With an abundance of rubber plantations in Malaysia, Thailand and Indonesia, it is unsurprising that many of the largest rubber glove manufacturers hail from this region. This gives them a significant cost advantage over other manufacturers world wide. Moreover, global demand for both healthcare and clean room gloves has been steadily growing each year. This has lead to strong performances by rubber glove manufacturers in the region over the past few years. With that in mind, I have decided to compare two prominent glove manufacturers from Malaysia to see which makes the better investment now. The two companies in focus…
With an abundance of rubber plantations in Malaysia, Thailand and Indonesia, it is unsurprising that many of the largest rubber glove manufacturers hail from this region. This gives them a significant cost advantage over other manufacturers world wide. Moreover, global demand for both healthcare and clean room gloves has been steadily growing each year. This has lead to strong performances by rubber glove manufacturers in the region over the past few years.
With that in mind, I have decided to compare two prominent glove manufacturers from Malaysia to see which makes the better investment now. The two companies in focus are Top Glove Corporation Bhd (SGX: BVA) and Riverstone Holdings Limited (SGX:AP4). As a quick introduction, Top Glove is the largest glove manufacturer in the world, supplying around 25% of the global supply. Riverstone, on the other hand, is one of the smaller players in the market but because of its expertise in cleanroom gloves, it has managed to eek out higher profit margins than its competitor.
In an earlier article, I compared the financial aspects between the pair. From that exercise, I concluded that Riverstone came out tops in revenue and profit growth over the past five-year period. In this article, I will compare the valuations of both stocks to see which, at current prices, can pose better value for investors.
Perhaps the best gauge to compare stocks within the glove-manufacturing sector is the price-to-earnings ratio. This is a comparison between the share price to its earnings per share. Mathematically, it can be calculated by simply dividing the earnings per share by the share price. The lower the price-to-earnings ratio is, the cheaper the stock.
At the time of writing, shares of Top Glove exchanged hands at S$3.41 apiece. It has an annualised earnings per share of 34.2 sen per share. At current exchange rates, that equates to a price-to-earnings ratio of 28.4 times.
At the other corner, shares of Riverstone Holdings currently trade at S$1 per share. Based on its annualised earnings per share of 16.8 sen, it had a price-to-earnings ratio of 17.5 times.
In this respect, Riverstone trades at a slight discount to Top Glove.
The price-to-earnings growth ratio is a common metric used by investing legend Peter Lynch to determine if the share price is cheap or expensive based on both its growth and current price-to-earnings ratio. As it takes into account the company’s growth prospects, I think it is a better gauge of the company’s valuation than simply using the price-to-earnings ratio.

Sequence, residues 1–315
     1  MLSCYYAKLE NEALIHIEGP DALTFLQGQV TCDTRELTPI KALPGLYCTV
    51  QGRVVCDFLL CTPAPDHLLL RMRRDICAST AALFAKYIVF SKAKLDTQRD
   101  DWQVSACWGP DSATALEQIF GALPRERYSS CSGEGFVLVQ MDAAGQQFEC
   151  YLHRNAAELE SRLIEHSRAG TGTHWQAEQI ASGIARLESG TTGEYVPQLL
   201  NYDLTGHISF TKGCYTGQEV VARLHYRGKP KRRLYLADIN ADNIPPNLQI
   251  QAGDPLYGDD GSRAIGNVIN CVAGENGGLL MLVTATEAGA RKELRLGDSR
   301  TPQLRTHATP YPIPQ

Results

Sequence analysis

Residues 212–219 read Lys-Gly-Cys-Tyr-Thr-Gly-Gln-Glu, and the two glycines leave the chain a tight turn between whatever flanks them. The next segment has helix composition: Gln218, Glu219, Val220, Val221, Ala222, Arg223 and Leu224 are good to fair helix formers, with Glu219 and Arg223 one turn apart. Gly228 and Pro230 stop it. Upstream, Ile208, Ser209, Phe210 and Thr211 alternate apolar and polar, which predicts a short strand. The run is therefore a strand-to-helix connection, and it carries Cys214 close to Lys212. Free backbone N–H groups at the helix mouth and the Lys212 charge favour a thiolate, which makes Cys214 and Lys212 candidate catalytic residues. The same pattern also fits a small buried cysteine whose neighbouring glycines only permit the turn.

To compare between the pair, I will use growth over the most recent three-year period to estimate future growth of the company.
Over the last there-year period, Top Glove has grown its earnings per share from 29 sen in FY2016 to annualised earnings per share of 34.2 sen in FY2018. That translates to a compounded growth of 5.65%. Based on its price-to-earnings ratio and historical earnings growth of 5.65%, it had a price-to-earnings-growth ratio of 5.0 times.
On the other hand, over the same time frame, Riverstone has grown its earning per share from 16.2 sen to an annualised earnings per share of 16.8 sen in FY2018. This equates to a compounded annual growth of just 1.22% over the three-year period. Consequently, it has a price-to-earnings-growth ratio of 14.3 times.
Top Glove is therefore cheaper based on more recent growth rates.
The Foolish bottom line
In the first part of this series, I concluded that Riverstone achieved a better rate of growth over the past five years. That said, in more recent history, Riverstone’s growth has somewhat stagnated or even reversed due to the challenges it faces in raw material pricing and foreign exchange fluctuations. Top Glove’s growth, on the other hand has accelerated over the past two years, and has grown at a faster pace than Riverstone in more recent history.
Together with a lower historical price-to-earnings growth ratio, I have to declare that despite Riverstone’s five-year growth outpacing its competitor, Top Glove still comes up top as the better buy in my opinion.
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The information provided is for general information purposes only and is not intended to be personalised investment or financial advice. The Motley Fool Singapore has recommended shares of Riverstone Holdings Limited and Top Glove Corporation Berhad. Motley Fool Singapore contributor, Jeremy Chia, owns shares in Riverstone Holdings Limited.